- More soil. Yes, don't edge them in anything at all. You can grow low-growing groundcovers on the slope, salad greens in winter, just about anything that is short. Since your beds are only 12" high, You can slope it outward for 8-12" and it really won't move because it is such a short slope.
- Untreated rough cut 2" thick pine lumber. You'd probably find this at a local sawmill in northern AZ. Yes, this won't rot very fast at all. In the desert with one side and the top exposed to the elements, the wood will petrify and weather to a nice grey color. I have raised beds built at least 20 years ago and the untreated wood is still holding up. Untreated lumber is preferred to any type of wood treatment because it reduces the toxin load. You can't do this in a wet climate, but it works in dry climates.
Unless you have a good reason to dig up the topsoil prior to building the raised beds, you can just use a broad fork to loosen it up but leave it in place. Less work and then your topsoil becomes pretty good subsoil when it gets covered up.
Wind - Assists the Sun in driving the water from the earth, and from plants. Wind is a powerful dessicating agent in the desert.
Earth - tending towards alkaline, compacted, poor in organic matter. Does a poor job of holding water.
So, the soil needs mulch both to protect from sun and wind so it will retain more water, to provide organic "sponge" to retain water, to buffer the alkaline soil and provide fertility.
Much of the life in the desert lives under low trees with umbrella-like growth habits, such as mesquite and palo verde. These trees provide shelter from sun and wind, their leaf-drop provides the much needed mulch. Their roots help open up the soil to increase infiltration of water.
It would be wise to emulate that in your garden, providing as much filtered shade as possible for the plants, with oodles of mulch underneath. It would also be good to identify the direction of the prevailing wind and establish windbreaks as necessary.
If you like raised beds, go for it. I think that sometimes raised beds are like tilling; We do it out of habit without really examining whether circumstances require it. In a desert setting where plants need protection from sun and wind, putting them in a raised bed that is elevated up into the sun and wind seems counterintuitive to me. I would think that this would be setting better situated to Zuni waffle beds or mulch basins, where the plants are actually a little lower, and sheltered a wee bit by the surrounding soil from the sun and wind.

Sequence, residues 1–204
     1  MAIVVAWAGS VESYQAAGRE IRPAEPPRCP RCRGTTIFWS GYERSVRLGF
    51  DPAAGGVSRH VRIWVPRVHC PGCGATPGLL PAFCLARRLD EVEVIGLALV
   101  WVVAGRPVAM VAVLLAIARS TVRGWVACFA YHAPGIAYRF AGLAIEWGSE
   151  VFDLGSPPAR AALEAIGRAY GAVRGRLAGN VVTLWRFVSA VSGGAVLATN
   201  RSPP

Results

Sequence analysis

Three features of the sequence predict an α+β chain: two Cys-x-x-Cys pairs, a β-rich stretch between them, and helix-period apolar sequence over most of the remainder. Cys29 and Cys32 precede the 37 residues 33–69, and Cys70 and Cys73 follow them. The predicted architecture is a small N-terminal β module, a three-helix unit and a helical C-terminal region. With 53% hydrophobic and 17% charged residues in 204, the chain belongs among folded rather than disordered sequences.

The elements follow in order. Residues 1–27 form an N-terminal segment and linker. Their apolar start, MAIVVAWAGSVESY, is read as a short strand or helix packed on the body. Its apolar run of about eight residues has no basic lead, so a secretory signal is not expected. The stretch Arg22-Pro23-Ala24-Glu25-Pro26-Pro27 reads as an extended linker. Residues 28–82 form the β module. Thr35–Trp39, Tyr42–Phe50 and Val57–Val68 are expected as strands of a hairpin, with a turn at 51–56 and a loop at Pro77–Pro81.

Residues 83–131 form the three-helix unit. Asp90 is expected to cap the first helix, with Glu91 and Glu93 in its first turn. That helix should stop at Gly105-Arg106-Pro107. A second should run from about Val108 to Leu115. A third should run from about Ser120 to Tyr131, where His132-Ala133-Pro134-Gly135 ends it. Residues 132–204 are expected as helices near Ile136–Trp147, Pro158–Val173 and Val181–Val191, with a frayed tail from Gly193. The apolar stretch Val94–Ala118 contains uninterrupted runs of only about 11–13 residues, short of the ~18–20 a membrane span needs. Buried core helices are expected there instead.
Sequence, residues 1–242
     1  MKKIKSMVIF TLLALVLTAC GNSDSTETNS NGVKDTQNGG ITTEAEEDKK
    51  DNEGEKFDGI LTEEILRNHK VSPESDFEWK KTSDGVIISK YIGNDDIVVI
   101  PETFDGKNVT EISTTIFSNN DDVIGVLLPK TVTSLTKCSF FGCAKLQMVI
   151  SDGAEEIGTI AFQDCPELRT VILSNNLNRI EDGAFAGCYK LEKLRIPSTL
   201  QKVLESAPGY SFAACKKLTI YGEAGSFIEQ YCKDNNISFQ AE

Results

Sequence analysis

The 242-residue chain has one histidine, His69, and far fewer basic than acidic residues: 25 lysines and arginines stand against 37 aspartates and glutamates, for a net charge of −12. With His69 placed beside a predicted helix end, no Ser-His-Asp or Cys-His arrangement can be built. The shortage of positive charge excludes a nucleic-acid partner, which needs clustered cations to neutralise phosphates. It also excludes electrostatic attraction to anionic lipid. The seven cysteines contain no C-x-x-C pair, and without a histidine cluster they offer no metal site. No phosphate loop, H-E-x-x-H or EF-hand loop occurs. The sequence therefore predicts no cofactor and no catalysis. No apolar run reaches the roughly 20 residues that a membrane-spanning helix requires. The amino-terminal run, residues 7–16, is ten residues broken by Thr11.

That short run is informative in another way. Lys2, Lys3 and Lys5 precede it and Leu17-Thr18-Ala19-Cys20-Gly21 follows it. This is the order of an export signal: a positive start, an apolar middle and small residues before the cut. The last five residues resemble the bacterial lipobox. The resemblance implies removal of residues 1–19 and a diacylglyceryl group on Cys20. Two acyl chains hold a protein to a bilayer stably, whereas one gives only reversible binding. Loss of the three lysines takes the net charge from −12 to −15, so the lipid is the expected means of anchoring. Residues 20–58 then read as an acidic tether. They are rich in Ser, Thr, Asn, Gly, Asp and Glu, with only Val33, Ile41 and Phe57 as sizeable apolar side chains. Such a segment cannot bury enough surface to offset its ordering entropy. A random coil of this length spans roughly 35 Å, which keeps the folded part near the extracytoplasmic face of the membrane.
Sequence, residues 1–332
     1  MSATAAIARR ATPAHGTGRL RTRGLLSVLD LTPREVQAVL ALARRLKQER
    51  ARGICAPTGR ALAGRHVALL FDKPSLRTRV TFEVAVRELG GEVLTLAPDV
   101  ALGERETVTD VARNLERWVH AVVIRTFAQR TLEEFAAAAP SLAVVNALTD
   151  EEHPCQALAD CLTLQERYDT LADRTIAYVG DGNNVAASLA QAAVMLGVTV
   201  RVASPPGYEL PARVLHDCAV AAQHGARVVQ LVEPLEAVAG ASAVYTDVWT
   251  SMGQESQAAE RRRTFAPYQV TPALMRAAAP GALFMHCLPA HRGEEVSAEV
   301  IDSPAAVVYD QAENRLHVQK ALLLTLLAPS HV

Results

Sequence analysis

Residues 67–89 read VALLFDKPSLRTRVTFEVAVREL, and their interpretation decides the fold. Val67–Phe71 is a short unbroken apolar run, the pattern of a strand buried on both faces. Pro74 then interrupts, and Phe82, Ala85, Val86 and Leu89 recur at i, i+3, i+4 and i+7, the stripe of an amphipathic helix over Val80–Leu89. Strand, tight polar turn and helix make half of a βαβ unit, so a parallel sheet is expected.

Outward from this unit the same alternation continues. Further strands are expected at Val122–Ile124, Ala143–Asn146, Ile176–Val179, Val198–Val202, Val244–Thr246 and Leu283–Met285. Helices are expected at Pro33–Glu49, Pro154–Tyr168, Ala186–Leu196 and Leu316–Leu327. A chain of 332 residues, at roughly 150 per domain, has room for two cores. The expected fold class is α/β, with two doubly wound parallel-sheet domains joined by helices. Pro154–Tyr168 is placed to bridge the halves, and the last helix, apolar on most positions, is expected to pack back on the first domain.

There is also the fact that raised beds are raised, whereas water seeks the low spots. So runoff into a raised bed is unlikely. Creating low spots for planting OTOH can be water-wise.
Trees also can be water harvesting structures.
One day I was driving on the plains of northern New Mexico in a dense fog. Sabino, juniper, was growing everywhere, and I soon noticed that there was a circle of wetness beneath each juniper. The leaves were harvesting the condensation and dripping it on to the root zone beneath each tree. The leaves were positioned and shaped presumably just right to do so. Trees know how to be trees.
I'm in a pretty similar situation! I just learned about permaculture and live in east san diego county. we get a LITTLE more rain than you (about 11 in)... so I'm trying to figure out what I can do with what I have. I know that we've had some issues with our use of laundry water directed at orange trees, but I'm hoping that I can do greywater and not get in trouble.
Hmm, we are looking to get a water softener for our well as well as our water is so hard on our pipes, skin, and clothes. Wanted to also use greywater. Sigh. Seems like there would be some way to naturally filter out the salt and be able to use the resulting greywater. Maybe particular types of plants that can absorb the salt and the resulting moisture for dwarf fruit trees? Thoughts? Here's a photo of one of our outside faucets which we'll be replacing as they all leak when turned on. H Ludi Tyler looks like we have similar Texas yards
you should still be able to bypass any softener with drinking water and cooking and save the diswashing water etc for your greywater use..and find a way to store it ina cistern and run it through your drip system if you want to..under the radar.
you picked a good book to model your ideas from, I love Gaia's garden and reread it several times a year
Bloom where you are planted.
Hi, Becky we also live in AZ, in golden valley next to kingman. They say we get about 8 inches of rain per year. Not much so far. You should look into rain water harvesting, you could save thousands of gallons of free water. Your roof get's about 700 to 1,000gallons of rain water per 1/2 hour. Free! Also check out craigslist in your city there always free tree clippings. You can also use grass cutting to make fast compost. Just put the compost away from your house, it can get really hot.also check out on YouTube veganathlete, just look at what his yard looks like. Just remember we get water but it'seems come in downpours, catch it , keep it! Do you have a above ground pool you never use, well a 15 foot pool can store upto 5,000 gallons, just keep it covered all the time.